There is a growing confidence amongst many in the robotics industry that within five years artificial intelligence will become emotionally aware. The CEO and co-founder of Affectiva, Rana el Kaliouby, believes that her company is at the forefront of developments in artificial intelligence. Affectiva recently announced plans for a massive study in 87 countries using computer vision, speech analysis and deep learning technologies to record a wide range of human emotions and cognitive states. The end product will hopefully be the development of algorithms that artificial intelligence will be able to use to identify emotions and complex cognitive states.
Rana el Kaliouby believes that, if successful, the development of artificial intelligence that has the ability to empathise will be vital in combating a concerning trend amongst young people. As we increasingly allow artificial intelligence into our lives young people in particular become more used to interacting with a digital interface than a human being, consequently they are losing the ability to empathise. It is hoped that the development of artificial intelligence that is able to show and recognise emotions will go some way to combat this.
There are also many fields in which emotionally able artificial intelligence will be able to play a vital role. For example medical professionals hope that the technology will be able to provide support to people with autism who struggle to recognise human emotions or express what they are feeling. There is also a belief that artificial intelligence may be able to play a role in identifying suicidal feelings in people.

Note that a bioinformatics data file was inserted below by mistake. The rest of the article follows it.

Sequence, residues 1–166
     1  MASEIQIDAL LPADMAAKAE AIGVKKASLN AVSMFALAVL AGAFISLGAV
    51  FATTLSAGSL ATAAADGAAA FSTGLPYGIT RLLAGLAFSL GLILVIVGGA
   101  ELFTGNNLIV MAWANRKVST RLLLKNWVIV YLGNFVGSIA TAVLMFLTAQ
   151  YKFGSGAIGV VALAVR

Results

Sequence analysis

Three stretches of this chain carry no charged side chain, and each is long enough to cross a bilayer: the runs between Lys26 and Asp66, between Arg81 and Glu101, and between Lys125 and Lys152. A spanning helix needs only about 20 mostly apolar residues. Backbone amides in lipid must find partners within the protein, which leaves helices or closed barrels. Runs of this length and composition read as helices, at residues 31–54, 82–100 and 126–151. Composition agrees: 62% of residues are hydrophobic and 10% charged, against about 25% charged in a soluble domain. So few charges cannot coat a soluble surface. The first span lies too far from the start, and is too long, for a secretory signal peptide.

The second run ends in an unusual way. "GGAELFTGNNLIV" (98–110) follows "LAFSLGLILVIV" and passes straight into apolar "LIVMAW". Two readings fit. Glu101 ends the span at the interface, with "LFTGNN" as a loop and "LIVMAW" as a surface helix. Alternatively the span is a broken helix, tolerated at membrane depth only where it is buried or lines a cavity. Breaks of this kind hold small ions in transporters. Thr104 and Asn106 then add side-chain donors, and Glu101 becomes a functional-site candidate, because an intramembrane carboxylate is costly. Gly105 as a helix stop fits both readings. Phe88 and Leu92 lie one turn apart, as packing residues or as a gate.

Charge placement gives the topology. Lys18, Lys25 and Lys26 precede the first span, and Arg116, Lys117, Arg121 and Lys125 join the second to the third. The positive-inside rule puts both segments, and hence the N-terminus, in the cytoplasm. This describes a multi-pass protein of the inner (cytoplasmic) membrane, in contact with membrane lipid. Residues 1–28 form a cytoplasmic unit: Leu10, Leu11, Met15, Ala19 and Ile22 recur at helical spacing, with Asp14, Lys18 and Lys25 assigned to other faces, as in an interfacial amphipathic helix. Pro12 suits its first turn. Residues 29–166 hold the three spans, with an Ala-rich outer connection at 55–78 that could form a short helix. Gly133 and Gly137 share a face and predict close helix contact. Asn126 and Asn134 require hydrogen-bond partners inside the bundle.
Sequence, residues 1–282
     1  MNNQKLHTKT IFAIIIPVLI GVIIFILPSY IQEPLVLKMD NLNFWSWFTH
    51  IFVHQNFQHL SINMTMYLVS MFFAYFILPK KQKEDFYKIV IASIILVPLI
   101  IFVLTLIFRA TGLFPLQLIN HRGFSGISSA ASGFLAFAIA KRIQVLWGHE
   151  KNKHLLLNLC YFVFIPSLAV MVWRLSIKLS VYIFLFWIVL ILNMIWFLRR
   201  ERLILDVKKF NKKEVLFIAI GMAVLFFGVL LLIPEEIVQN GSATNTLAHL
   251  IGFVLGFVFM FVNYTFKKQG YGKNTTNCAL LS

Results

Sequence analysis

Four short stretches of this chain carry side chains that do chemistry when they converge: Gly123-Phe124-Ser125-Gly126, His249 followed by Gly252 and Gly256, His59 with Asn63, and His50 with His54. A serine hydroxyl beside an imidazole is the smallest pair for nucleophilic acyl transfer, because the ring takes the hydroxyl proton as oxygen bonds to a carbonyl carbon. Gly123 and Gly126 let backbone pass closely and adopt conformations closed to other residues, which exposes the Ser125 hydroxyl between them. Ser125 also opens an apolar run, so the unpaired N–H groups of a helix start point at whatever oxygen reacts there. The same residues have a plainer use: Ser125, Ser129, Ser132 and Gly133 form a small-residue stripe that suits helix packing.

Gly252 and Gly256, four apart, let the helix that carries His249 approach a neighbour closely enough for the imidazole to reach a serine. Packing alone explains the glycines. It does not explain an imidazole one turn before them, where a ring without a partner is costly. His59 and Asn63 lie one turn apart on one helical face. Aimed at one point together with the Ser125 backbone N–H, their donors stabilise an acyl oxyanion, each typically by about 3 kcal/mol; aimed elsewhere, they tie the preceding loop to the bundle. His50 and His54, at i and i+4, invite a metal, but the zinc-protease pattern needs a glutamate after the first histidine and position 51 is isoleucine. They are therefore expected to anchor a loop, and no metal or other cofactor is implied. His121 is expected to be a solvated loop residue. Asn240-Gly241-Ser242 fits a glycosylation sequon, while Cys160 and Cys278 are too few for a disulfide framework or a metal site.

In the world of automobiles emotionally aware artificial intelligence could be used to recognise when a driver is feeling angry or stressed. Upon recognising these signs the technology will subtly alter ergonomic and environmental factors, such as the music that is playing or the position of the driver’s seat, to calm the driver. Meanwhile, in the classroom, it is thought that this technology could be used to alter the teaching curriculum to fit the needs of the individual pupil. For example if emotionally aware artificial intelligence is monitoring a pupil who begins to feel confused or frustrated the technology will restructure the question or lesson to aid the learning process and alleviate these feelings.
In their quest to develop emotionally able artificial intelligence recently Affectiva have focused their efforts on developing wearable wireless devices that can monitor the nervous system. These devices work to gather biological information that correlates with emotions. Eventually this data will be used to develop algorithms allowing artificial intelligence to become emotionally aware. Rosalind Picard, Affectiva’s co-founder, announced at the New Scientist Live expo, that the goal of those working to develop emotionally able artificial intelligence should be to make lives better.
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